BVX® valuation is based on True Cash Flow (TCF) to the shareholder. TCF is not the “generated” cash flow; it is not the “available” cash flow. It is the cash flow “distributed” to the shareholder. Most of the M&A transactions are leveraged transactions with distribution restrictions, future borrowing restrictions, management compensation restrictions, etc., imposed by the lenders and others. Buyers, therefore, determine the value of the business based on the amount of cash distributed to them from the business during the planning horizon and the amount of cash that they would receive at the end of the planning horizon as if the business were sold at that time.
BVX® determines the optimal business value by satisfying the cash requirements of the five claim holders to the business cash flow. These claim holders are:
a) the Seller,
b) the Buyer,
c) the Business,
d) the Lenders, and
e) the Tax Authority.
Insights from BVX
In BVX®, value of the business consists of not just the Price (i.e., the amount to be paid for the business) but also the associated Terms and the Deal Structure. BVX® determines one single maximum value for the business associated with the proposed deal structure, payment terms, and the operating assumptions. According to the BVX® approach, different values for a business can exist because of different operating assumptions, deal structures, payment terms, etc., not due to use of different valuation methods.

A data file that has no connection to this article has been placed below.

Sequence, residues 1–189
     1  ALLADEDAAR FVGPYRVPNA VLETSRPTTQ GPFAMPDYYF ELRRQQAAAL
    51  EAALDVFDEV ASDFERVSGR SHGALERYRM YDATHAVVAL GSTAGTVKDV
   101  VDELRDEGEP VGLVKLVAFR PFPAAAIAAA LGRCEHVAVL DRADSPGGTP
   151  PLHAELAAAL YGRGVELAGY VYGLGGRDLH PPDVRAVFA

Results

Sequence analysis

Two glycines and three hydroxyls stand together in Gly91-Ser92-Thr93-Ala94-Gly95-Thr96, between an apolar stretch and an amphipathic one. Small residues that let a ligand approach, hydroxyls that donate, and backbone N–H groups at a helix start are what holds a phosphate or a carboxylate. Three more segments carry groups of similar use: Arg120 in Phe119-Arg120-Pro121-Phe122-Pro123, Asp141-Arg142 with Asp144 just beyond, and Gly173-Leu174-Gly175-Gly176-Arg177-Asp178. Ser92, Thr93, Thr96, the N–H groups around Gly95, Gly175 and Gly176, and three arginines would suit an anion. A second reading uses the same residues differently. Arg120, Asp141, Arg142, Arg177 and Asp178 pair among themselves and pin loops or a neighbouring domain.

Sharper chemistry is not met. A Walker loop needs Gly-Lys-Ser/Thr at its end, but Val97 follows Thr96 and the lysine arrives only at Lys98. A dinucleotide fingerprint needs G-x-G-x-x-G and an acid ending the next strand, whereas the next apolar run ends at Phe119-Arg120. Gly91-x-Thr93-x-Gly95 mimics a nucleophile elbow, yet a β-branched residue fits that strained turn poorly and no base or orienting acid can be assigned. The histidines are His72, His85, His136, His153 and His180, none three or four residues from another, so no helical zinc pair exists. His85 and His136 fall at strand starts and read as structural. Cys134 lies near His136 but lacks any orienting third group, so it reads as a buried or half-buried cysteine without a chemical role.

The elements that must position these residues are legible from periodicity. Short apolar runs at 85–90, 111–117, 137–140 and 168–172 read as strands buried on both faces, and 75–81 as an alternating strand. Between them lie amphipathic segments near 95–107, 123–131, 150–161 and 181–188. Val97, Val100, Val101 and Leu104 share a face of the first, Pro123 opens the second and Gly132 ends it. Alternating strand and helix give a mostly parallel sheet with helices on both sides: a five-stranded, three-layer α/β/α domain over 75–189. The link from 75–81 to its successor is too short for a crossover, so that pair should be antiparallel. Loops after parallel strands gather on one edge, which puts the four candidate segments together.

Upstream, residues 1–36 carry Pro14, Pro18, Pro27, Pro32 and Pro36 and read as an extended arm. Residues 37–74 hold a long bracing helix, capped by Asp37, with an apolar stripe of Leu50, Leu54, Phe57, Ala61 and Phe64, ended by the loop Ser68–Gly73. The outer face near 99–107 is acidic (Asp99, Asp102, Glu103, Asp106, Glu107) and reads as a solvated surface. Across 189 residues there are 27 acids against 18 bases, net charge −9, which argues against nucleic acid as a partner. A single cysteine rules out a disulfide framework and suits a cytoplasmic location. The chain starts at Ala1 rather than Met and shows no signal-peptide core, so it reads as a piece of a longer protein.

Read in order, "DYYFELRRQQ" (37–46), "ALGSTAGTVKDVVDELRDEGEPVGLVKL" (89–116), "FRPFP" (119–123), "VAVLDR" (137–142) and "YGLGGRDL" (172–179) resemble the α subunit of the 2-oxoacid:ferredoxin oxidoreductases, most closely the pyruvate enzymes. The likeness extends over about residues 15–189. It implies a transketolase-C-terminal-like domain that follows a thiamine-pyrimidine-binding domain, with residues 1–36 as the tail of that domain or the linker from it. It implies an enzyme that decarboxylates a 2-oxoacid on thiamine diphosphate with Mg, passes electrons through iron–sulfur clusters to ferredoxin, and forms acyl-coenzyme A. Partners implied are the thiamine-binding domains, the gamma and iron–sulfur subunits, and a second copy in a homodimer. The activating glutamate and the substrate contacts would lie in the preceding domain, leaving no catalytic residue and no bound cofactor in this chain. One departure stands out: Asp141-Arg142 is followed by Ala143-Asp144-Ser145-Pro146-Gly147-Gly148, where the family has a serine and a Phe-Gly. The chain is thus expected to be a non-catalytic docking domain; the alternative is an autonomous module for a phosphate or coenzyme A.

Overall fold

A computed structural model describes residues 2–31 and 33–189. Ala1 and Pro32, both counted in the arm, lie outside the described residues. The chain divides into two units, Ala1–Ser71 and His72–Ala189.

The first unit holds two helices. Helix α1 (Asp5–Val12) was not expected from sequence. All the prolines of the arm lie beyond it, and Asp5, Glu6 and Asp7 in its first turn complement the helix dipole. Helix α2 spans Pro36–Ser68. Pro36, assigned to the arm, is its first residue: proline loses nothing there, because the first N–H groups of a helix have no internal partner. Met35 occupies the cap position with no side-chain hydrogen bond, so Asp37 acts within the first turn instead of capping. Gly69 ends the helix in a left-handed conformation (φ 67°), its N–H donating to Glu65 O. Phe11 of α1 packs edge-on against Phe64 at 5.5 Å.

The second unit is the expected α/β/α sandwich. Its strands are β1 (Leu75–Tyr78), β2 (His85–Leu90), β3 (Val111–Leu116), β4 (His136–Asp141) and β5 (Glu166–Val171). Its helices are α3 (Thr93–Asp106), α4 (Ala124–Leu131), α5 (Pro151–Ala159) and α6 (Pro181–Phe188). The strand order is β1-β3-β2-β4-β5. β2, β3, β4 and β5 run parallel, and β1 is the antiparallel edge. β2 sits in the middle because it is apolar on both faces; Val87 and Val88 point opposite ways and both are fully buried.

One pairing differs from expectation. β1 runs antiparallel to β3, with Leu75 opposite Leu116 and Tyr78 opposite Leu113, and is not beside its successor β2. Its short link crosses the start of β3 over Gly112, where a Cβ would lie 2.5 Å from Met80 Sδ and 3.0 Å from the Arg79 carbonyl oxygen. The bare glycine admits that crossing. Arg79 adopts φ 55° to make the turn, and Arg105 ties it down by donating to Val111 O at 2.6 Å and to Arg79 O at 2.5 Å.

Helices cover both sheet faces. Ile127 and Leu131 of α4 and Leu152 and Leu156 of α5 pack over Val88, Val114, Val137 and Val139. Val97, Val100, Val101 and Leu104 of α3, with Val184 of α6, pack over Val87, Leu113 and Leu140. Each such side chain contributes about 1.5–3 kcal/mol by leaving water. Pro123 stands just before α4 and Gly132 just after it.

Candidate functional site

A few of the value drivers in BVX® are:
- Future Performance
- Financial Leverage
- Financial Return Expectation
- Cash Flow, Not Profits
- Deal Structure
- Asset Type
- Exit Strategy
These value drivers impact business value in many different ways as explained below:
1. Future Performance
Value of a business is dependent on its future performance, not on the past performance. History of the business is relevant to the extent it helps project the expected future performance in the hands of a new Buyer. Future performance of the business depends upon the current condition of the business and what the new Buyer can and/or wants do with the business. Therefore, value of a business will change depending upon the Buyer.
2. Financial Leverage
Value of a business is dependent on the post-acquisition financial leverage. Higher financial leverage, generally associated with high asset base, means lower average cost of capital and hence higher value. A business with low financial leverage (generally associated with a low asset base, or an asset base with low borrowing capacity, or a tight lending market) will command a lower price due to lack of lower cost borrowing. Such businesses can command a respectable price if a cash flow lender can be found, or if the Seller is willing to finance the transaction. Financial leverage depends on the value of the assets, type of assets, size of the business, market conditions, credit worthiness of the Buyer, quality of earnings, post-acquisition management, etc.
3. Financial Return Expectation